Not content with “copying” Apple by producing its own tablet and a smartphone, Amazon has gone three for three by launching the Fire TV, a tiny black box that lets you stream video, photos and music to your telly. Remind you of anything?
But despite costing the same as the Apple TV, the Fire TV sets its sights higher: it’s a games console too, says Amazon, and thanks to wide support for apps, it doesn’t force you into buying stuff only from its makers.
Do these claims bear out? Has Amazon just made the Apple TV obsolete? Let’s take a closer look at the Fire TV to find out...
Design and setup
HDMI carries up to 1080p video to your TV
The remote has a pleasingly grippy matte surface
The Fire TV is a small black square-shaped box, a little wider and flatter than the Apple TV. We think it’s reasonably attractive, and it’s small enough that you can hide it away if you don’t agree.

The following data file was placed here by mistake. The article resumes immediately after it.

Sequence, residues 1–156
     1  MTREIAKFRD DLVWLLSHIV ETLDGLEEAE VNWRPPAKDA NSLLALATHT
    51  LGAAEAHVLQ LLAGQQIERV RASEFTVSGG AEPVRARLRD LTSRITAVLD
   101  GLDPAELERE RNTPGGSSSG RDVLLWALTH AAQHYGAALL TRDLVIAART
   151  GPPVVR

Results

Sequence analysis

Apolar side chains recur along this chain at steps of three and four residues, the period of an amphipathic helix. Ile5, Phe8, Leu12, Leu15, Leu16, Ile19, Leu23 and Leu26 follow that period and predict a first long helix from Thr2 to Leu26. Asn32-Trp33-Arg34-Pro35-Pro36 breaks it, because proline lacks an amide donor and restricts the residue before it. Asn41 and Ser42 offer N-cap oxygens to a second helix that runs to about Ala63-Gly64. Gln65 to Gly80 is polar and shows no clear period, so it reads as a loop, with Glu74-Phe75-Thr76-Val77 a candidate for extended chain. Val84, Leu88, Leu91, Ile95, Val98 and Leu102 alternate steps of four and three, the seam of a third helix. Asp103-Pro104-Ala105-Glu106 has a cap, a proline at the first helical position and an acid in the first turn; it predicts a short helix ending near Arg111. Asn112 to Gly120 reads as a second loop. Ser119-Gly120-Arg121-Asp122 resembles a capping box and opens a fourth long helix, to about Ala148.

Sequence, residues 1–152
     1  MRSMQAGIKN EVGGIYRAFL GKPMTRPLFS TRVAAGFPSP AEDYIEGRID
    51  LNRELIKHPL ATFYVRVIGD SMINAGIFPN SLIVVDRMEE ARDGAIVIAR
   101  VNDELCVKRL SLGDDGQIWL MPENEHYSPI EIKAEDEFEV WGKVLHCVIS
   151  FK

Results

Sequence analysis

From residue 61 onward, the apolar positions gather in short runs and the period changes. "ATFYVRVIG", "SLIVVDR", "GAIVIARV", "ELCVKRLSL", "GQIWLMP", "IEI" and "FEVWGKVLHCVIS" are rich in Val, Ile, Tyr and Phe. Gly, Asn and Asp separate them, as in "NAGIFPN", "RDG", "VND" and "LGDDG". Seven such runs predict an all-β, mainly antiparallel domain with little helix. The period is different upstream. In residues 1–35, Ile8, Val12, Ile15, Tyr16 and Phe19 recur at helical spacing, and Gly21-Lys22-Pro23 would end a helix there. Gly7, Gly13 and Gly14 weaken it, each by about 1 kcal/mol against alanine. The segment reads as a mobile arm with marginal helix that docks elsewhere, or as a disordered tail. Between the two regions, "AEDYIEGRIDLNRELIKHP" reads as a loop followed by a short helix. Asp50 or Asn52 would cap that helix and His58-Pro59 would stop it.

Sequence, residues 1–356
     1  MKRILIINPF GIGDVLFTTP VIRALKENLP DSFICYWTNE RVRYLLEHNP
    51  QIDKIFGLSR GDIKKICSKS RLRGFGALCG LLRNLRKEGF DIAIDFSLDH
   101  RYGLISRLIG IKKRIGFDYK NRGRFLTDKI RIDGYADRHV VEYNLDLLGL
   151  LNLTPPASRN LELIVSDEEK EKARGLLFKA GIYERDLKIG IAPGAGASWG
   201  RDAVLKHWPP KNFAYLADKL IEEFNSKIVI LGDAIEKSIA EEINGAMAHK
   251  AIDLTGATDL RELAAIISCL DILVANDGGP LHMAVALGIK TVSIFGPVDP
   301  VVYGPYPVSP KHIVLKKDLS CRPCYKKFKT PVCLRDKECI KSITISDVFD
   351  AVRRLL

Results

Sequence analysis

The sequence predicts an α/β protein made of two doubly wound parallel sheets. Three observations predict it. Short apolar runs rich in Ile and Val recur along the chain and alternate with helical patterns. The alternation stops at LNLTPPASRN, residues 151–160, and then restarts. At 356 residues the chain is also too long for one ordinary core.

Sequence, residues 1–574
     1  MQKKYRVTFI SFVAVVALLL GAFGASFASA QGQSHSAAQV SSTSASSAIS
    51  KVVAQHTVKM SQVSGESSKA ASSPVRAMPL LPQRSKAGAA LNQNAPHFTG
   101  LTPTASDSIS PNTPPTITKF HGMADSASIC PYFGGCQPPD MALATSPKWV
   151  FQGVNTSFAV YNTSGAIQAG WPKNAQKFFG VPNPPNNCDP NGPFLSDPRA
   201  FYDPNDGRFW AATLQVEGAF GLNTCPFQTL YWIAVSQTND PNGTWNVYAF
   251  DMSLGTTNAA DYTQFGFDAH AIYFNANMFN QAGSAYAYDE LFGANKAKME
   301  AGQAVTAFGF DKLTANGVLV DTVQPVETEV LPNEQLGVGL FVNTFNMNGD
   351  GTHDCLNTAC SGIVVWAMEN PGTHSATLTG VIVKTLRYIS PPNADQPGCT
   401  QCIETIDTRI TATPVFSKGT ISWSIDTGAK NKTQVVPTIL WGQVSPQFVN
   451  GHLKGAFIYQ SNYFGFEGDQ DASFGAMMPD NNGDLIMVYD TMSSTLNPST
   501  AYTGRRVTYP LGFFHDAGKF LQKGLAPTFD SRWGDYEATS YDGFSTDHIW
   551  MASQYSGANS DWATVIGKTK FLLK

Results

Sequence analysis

It connects to your TV via HDMI, which can carry either 720p or 1080p HD video, and also offers an optical output for Dolby Digital Plus surround sound. Dual-channel, dual-aerial Wi-Fi is the internet connection we expect most people to use, and we found it worked flawlessly, but there’s also Ethernet if you prefer the reliability of a wired hookup.
A USB 2.0 port rounds things off, but as far as we can tell this is included purely for the purposes of charging external devices – it doesn’t support external drives and won’t allow you to expand the storage beyond the 8GB of built-in space (only 5GB or so of which is actually available once you account for Amazon’s OS).
There’s a small, rubbery-skinned remote control included too. But you’ll need to buy your own HDMI cable. The gamepad controller required for many of Fire TV’s more complex games is an optional extra.
Video output: 1080p or 720p at up to 60fps
Processor: Qualcomm Snapdragon 8064
Connectivity: HDMI; optical audio; Ethernet; USB 2.0; Bluetooth 2.1 (for remote)
Dimensions: 115 x 115 x 17.5mm